Incorporating Real-Time Audiovisual and Haptic Feedback in a Novel Thoracostomy Tube Training Model



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INTRODUCTION: Simulation-based training can enhance clinical performance, but chest tube insertion is challenging to simulate due to the precision needed for controlled pleural entry. This study evaluates the efficacy of a novel training model with real-time pressure monitoring and audiovisual feedback for force and time to pleural entry in a model. METHODS: The model consisted of a Kelly clamp with force sensors installed at the index finger (sensor 1) and both finger loops (sensors 2 and 3) and a manikin with a replaceable chest wall pad. Data obtained from experts indicated standard force value for pleural entry (Newtons, "N") and acceptable time to completion (3000-5000 milliseconds, "ms"). Thirteen participants ranging from PGY-1 to PGY-6 were introduced to the procedure and model. Force and time were measured from dermal entry to pleural space puncture. A significant drop in pressure suggested puncturing through the chest wall. RESULTS: Force was measured in the linear, plateau, and drop phases of the procedure. Linear phase (~3,000ms) was from start to point of maximum force (<30N). Plateau phase was from maximum force until drop phase. Drop phase was a drop in pressure by >5 Newtons within 150ms indicating procedure completion (pleural entry). All participants successfully completed the task. Pleural entry force ranged from 17N to 30N, and time to pleural entry ranged from 7,500-15,000ms. Of note, left-handed participants relied more on sensors 1 and 3 while right-handed participants relied more on sensors 1 and 2. Thus, only force measurements from sensor 1 were utilized to standardize our assessment. CONCLUSIONS: This novel chest tube trainer with continuous force monitoring can be applied to training for a variety of scenarios, including vascular access, trocar placement and other common procedures. Next steps involve evaluating its impact on trainee accuracy and efficiency.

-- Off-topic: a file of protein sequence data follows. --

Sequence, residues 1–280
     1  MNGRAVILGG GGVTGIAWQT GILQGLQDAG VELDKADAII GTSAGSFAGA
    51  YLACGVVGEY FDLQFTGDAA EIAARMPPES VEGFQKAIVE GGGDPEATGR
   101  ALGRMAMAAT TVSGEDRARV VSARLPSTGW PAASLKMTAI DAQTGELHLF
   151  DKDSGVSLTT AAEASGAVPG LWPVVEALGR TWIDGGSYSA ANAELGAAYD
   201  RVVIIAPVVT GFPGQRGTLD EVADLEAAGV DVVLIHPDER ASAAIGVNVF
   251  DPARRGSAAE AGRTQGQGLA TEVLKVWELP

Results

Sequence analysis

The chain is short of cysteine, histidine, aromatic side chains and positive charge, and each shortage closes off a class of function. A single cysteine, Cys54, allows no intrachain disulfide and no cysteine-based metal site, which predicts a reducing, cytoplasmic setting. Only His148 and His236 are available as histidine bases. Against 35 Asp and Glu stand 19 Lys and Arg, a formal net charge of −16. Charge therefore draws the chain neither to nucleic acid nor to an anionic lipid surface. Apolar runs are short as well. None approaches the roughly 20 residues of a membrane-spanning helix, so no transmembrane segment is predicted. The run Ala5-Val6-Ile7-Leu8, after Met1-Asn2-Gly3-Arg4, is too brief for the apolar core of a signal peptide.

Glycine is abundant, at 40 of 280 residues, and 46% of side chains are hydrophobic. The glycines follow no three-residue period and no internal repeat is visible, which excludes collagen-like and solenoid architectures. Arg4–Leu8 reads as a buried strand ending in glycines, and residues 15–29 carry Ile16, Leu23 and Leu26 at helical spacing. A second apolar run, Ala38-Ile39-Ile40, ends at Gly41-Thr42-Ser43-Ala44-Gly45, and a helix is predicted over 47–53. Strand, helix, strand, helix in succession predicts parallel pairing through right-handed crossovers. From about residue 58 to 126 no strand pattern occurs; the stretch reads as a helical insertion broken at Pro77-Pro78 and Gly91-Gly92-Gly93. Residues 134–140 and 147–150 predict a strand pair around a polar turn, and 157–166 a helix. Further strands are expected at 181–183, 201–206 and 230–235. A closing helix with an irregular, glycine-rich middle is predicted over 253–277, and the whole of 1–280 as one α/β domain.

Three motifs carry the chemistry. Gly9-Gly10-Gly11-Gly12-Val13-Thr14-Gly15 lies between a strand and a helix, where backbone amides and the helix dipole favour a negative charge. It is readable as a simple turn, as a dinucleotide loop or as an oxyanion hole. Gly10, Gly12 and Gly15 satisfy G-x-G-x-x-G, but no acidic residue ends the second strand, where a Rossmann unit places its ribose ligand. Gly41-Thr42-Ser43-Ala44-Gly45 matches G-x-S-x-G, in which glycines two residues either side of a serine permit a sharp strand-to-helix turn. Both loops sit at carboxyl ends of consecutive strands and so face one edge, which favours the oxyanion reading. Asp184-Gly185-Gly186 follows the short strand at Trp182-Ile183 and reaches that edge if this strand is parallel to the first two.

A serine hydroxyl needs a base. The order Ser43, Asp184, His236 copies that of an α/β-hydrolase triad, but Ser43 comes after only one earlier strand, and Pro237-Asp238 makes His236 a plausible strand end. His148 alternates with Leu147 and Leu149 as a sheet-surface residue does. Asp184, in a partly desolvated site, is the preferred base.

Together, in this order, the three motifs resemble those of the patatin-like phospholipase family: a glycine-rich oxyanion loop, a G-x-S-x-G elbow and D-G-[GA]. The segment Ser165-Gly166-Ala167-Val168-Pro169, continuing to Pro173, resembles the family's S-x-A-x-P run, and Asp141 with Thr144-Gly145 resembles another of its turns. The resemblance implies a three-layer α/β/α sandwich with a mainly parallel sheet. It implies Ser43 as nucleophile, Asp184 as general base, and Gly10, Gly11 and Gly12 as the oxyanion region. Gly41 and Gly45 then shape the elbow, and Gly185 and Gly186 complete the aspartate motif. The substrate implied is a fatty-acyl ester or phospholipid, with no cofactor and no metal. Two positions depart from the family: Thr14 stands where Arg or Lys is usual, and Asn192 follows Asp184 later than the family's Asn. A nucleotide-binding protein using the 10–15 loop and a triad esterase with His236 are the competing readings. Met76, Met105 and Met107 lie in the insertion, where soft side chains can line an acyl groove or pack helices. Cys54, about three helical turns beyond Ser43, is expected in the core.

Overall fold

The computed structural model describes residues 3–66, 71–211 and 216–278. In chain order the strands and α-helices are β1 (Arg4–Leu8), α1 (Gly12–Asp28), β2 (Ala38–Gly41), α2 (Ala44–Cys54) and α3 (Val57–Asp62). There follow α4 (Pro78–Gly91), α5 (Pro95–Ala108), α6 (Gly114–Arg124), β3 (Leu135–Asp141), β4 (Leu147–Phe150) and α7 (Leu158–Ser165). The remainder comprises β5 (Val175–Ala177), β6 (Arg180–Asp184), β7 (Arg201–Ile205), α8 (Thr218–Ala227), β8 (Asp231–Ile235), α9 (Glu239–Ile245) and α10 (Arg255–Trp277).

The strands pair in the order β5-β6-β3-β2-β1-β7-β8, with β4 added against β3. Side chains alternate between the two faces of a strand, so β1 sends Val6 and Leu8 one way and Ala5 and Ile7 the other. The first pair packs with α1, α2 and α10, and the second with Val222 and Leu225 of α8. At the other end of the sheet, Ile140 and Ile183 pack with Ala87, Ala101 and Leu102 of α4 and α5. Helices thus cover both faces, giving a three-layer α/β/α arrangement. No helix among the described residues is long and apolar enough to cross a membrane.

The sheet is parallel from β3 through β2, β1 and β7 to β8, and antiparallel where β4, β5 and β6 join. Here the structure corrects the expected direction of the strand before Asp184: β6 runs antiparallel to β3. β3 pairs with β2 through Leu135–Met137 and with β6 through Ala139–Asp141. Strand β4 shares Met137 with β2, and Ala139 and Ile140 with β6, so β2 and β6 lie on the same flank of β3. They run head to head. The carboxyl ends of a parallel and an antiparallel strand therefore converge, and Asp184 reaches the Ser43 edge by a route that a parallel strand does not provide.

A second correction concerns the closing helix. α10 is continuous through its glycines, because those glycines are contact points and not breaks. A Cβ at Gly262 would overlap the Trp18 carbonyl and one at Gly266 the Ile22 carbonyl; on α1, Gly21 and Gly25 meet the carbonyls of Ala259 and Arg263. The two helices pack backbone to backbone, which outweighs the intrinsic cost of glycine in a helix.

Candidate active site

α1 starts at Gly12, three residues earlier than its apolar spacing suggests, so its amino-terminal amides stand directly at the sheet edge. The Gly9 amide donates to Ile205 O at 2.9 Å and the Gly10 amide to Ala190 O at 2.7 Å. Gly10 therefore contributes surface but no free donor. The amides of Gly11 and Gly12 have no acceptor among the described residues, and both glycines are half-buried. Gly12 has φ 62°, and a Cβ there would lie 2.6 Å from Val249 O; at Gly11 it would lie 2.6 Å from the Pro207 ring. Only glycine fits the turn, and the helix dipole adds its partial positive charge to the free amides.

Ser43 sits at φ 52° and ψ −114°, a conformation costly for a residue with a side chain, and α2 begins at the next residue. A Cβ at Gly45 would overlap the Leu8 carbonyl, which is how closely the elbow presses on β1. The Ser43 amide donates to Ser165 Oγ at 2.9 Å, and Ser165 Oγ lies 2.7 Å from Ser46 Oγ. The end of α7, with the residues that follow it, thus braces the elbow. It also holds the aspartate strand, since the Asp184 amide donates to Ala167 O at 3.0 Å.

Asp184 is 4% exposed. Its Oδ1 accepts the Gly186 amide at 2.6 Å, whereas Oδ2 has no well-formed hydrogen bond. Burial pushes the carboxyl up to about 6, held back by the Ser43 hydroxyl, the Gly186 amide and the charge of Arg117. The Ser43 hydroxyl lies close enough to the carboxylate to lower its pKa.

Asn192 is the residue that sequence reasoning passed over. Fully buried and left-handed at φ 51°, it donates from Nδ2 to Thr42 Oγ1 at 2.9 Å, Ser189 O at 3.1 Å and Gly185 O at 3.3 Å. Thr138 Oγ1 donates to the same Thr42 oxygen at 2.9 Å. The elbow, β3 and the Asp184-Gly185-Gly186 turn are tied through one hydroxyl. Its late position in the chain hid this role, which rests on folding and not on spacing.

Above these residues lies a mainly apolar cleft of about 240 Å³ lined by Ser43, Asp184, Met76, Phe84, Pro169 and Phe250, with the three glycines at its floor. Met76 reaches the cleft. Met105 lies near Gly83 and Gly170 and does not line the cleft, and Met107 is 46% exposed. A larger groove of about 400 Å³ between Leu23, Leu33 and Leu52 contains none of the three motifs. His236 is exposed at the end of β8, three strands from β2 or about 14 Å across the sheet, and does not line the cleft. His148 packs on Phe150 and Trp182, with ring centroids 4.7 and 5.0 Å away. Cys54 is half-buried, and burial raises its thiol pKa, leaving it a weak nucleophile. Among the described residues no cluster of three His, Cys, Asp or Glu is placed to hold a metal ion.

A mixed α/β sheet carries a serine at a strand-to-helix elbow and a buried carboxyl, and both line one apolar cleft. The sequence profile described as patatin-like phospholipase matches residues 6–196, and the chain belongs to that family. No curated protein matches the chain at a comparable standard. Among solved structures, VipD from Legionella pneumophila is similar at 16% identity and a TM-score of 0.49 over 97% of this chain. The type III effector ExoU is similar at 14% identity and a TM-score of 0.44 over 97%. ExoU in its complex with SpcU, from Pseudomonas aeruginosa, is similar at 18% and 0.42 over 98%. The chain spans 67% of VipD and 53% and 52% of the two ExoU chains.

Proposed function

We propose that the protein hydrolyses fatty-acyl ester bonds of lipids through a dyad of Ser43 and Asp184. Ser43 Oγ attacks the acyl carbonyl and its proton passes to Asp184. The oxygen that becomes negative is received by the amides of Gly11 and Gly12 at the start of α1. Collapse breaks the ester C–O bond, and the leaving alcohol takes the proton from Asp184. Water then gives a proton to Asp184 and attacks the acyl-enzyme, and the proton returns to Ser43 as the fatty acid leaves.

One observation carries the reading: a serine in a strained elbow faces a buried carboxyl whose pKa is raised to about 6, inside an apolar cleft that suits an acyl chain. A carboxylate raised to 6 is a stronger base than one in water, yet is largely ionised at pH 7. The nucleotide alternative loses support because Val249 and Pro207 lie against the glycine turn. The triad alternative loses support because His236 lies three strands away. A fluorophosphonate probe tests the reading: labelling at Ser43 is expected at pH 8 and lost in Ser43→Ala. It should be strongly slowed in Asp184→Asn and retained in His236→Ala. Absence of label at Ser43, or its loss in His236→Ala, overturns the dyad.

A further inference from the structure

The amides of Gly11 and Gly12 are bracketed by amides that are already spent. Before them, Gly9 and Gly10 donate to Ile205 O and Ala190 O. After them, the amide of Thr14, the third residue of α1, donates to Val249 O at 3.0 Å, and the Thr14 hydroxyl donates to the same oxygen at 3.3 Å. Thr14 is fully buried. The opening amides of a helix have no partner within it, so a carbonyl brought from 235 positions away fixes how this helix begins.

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The 62nd Annual Medical Student Research Forum at UT Southwestern Medical Center (Tuesday, January 30, 2024, 3-6 p.m., D1.700 Lecture Hall)

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Najjar, A., Hegde, S., Hofman, E., Dubagunta, S., Awad, D., Khan, O., Eisaman, K., Hossain, I., Walker, J., Sherman, B., Kadakia, Y., & Park, C. (2024, January 30). Incorporating real-time audiovisual and haptic feedback in a novel thoracostomy tube training model [Poster session]. 62nd Annual Medical Student Research Forum, Dallas, Texas.

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